Think outside the style box

You don’t need a portfolio makeover to take advantage of smart beta. Sara explains how to refresh the Morningstar fund style box.

According to the Fall 2017 Pantone Fashion Color report for New York, this season is all about Grenadine red and tawny Autumn Maple. I like a pop of color, but I’m still keeping my traditional black and navy staples. If you are a traditional style box investor, can smart beta exchange traded funds (ETFs) refresh the style in your portfolio?

The investment universe was traditionally carved up between growth and value, and large and small securities. Several decades ago, Morningstar introduced the now-ubiquitous nine-box matrix known as the style box, providing a framework to evaluate funds against peers with similar investment styles.

Today, technological improvements and better access to data have democratized style investing beyond simple value and size screens to target historically rewarded style factors in a cost effective way.

The evolution of style

Style box investing began with actively managed style exposure funds and moved on to style-tilted index funds weighted by market cap. The industry is now turning to factor exposures that more directly screen for attributes traditionally sought by active funds—cheap, trending, high quality, more stable and smaller names—weighted by the strength of these metrics.

Style factor investing with ETFs takes the concepts introduced with the nine-box grid and modernizes them. Just as investors combined blend, growth and value funds in a portfolio, they now have the ability to combine momentum, quality and value factor exposures—more directly targeting these broad, historically persistent drivers of return.

Investors can consider a few ways to update their style:

1. Swap growth for momentum

Traditional growth investing seeks capital appreciation by investing in companies that have high expected earnings and may steadily increase in value. Similarly, the momentum factor targets stocks that are trending up in price. In other words, the term “momentum” is a new way to describe what many growth managers have historically tried to deliver.

Momentum factor investing tends to be highly cyclical and focused on a concentrated portfolio of stocks displaying stronger price appreciation than their peers. This exposure directly maps to the investment characteristic that has driven returns for active growth managers in the past.

2. Upgrade blend to quality

Blend investments have traditionally provided broad exposure that’s neither strongly growth nor strongly value. Many active managers in the blend section of the style box enhance their performance over the long run by looking for securities that have strong earnings and a reasonable price.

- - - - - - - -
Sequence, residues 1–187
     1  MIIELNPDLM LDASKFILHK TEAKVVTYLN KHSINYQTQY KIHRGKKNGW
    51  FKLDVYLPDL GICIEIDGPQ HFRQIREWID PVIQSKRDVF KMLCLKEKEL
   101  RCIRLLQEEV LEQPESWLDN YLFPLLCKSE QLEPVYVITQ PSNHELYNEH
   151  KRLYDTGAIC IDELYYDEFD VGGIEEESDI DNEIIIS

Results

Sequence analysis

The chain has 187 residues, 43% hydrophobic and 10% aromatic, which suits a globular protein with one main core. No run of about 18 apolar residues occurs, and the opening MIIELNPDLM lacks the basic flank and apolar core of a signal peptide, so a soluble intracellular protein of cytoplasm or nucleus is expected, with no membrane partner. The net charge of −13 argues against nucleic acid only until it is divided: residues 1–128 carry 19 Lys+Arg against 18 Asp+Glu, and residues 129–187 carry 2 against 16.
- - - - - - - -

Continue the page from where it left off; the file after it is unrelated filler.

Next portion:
In the same way, quality investing focuses on buying bellwether firms with strong balance sheets and stable earnings. Investors in this style have typically been rewarded in the later stages of the economic cycle, including downturns, as companies with resilient business models and attractive return on equity may offer defensive protection in the portfolio.

Quality factor indexes can potentially provide a more appropriate benchmark to help investors evaluate blend managers. These indexes more closely align with the active investment process than broad market cap-weighted indexes.

3. Deepen your value

Value investing draws on the idea of buying companies that are priced inexpensively relative to their fundamentals. Value investors invest in companies with pro-cyclical business models that tend to be rewarded in market booms and over longer holding periods.

Value factor investing tends to have more concentrated style exposure and stronger factor weighting than the average active value fund or market cap-weighted value index, residing on the far left-hand side of that Morningstar style box. ETFs with this focused exposure to value can be a low-cost way to target inexpensive names, which have historically fared well when interest rates are rising.

Smart beta ETFs

Smart beta ETFs take advantage of time-tested investment ideas and today’s advances in data and technology, providing a lower-cost alternative to mutual funds. But that doesn’t mean you have to remake your portfolio: Smart beta ETFs can refresh the traditional style box framework. Investors may consider complementing or replacing existing active strategies to help reduce average costs or seek to improve overall performance.

Style-savvy smart beta strategies to build a balanced U.S. portfolio include iShares Edge MSCI USA Momentum Factor ETF (MTUM), iShares Edge MSCI USA Quality Factor ETF (QUAL) and iShares Edge MSCI USA Value Factor ETF (VLUE).

Sara Shores is the Head of Strategy for BlackRock’s Factor-Based Investments and a regular contributor to The Blog.

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